Ekkees Tareekh Shubh Muhurat Review: A silly, unfunny comedy on small-town marriage norms
Ekkees Tareekh Shubh Muhurat adds to the growing clutter of flaky social dramas that milk small-town milieus to hide their glaring outdateness.
The epithet ‘collector ka baap’ (collector’s father) can cause great joy or deep embarrassment to an Indian dad, depending on the scenario. When the chips are down — that is when his unemployed son is struggling to crack his IAS exams — the title can be deployed sarcastically, lodged at the tail end of a taunt. Conversely, when that struggle finally pays off and the young lad comes up trumps, clearing his mains and doing his daddy proud, the same taunt becomes a token of pride, worn as triumphantly around the neck as an itchy ceremonial scarf.
Cast: Sanjay Mishra, Brijendra Kala
Rating: 2 stars
In the hoarsely-titled Ekkees Tareekh Shubh Muhurat, Sanjay Mishra plays one such small-town father, a hard-pressed Mathura priest who is advised to marry off his son so as to fund his daughter’s wedding. As Girdhari Lal Sharma, Mishra is suspiciously unsurprising — reworking the muted affection of his role in Masaan and serving it up with sticky dollops of situational humour. “Musibat mein comedy?” He wonders aloud in a few scenes, feigning surprise at the admixture — an amusingly self-reflexive touch for a sluggishly non-reflexive character.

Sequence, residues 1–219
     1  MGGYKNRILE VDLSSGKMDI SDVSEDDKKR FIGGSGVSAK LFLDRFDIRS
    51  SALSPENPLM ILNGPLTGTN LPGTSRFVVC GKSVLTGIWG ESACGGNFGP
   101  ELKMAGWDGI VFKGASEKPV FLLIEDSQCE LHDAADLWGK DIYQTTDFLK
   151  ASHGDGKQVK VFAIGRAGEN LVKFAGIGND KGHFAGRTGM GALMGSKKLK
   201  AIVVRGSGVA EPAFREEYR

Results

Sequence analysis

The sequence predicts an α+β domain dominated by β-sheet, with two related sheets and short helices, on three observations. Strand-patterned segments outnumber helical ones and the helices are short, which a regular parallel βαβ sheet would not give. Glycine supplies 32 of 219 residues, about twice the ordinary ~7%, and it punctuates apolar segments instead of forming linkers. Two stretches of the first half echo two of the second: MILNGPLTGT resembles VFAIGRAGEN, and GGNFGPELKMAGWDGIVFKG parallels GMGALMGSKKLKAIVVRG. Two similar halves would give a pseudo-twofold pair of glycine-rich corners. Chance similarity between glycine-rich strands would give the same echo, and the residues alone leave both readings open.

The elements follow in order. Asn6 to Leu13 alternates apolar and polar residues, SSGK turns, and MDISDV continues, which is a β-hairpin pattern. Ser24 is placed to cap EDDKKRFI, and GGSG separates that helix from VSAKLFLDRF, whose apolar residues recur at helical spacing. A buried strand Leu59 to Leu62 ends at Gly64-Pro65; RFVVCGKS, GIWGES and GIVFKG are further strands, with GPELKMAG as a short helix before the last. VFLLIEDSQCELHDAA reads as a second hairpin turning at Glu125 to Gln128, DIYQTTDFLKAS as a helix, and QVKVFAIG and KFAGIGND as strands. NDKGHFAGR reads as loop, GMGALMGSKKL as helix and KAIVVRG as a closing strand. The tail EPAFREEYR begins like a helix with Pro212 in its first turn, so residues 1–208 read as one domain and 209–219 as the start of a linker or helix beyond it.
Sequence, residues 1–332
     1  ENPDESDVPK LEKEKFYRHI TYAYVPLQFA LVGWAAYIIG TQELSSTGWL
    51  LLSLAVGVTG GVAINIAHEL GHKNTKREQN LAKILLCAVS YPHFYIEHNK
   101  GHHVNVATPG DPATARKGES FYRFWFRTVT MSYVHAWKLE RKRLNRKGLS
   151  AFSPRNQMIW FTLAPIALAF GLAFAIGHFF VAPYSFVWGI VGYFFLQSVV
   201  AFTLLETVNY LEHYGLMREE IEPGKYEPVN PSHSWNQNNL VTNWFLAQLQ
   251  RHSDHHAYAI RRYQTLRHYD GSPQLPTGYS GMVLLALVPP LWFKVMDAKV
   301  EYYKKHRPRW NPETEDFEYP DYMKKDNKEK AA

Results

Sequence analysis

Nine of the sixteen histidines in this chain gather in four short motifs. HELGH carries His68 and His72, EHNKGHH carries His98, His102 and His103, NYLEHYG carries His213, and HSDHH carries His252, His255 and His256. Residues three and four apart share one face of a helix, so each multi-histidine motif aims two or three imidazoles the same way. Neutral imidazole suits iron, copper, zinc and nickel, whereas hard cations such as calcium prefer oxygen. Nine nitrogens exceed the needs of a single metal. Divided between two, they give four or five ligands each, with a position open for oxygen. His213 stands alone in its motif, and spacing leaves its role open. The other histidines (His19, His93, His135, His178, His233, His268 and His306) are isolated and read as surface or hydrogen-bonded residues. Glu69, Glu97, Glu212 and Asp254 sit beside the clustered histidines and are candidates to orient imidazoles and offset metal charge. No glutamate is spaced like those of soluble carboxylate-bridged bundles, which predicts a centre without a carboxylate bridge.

Debutant director Pavan Kumar Chauhan is earnest in his attempt to mount a middle-India comedy, shooting along colourful Yamuna ghats or inside tumbledown temple-houses, but his script is overrun with so many bland jokes and unimaginative characters that he unknowingly outdoes Prakash Jha at wasting a sizable ensemble. It must stir some concern that a film featuring Brijendra Kala and Mukesh Tiwari draws maximum laugh with a line that goes… “When you gotta shampoo, why be rubbing nails?” We would have all liked it better if this film was really about hair loss.
Unexpectedly, the younger lot — Chandrachoor Rai as the collector son; Kajal Jain as his long-suffering sister — are far better than the oldies. Most entertaining is Mahesh Sharma (last seen in Dum Laga Ke Haisha) as a charming would-be groom who runs his family’s ‘heeng’ business and flirts flippantly with someone else’s would-be bride. In a curious cameo drops by Bengali sensation Kamalika Chatterjee, playing a stereotyped part but still managing to well up on cue. If only the director had chucked everything and run with the love angle between her and Mishra, hinted so ticklishly in a delirious drinking scene. Again, such a waste.
As a mainstream release, Ekkees Tareekh Shubh Muhurat adds to a growing clutter of flaky social dramas that milk small-town milieus to hide their glaring outdatedness. If the writing weren't simplistic enough, there are those prickly stock sound effects — like the one of a cassette tape rewinding and squeaking to a stop — to cue out chuckles from a sleepy audience. One could have at least cared for the commentary, about burdensome marriage norms and rampant groom kidnappings, were it not for the crudely slapstick tone that roots this film in cartoonish silliness. Once in a while, Mishra seems to have fun with his bereaved pandit mould, casually curling his sacred thread around his right ear or tugging the tuft on his head, but he's stuck in a film that's as entertaining as a morning sermon.
At least the Rohit Shetty movies let him funk up his hair.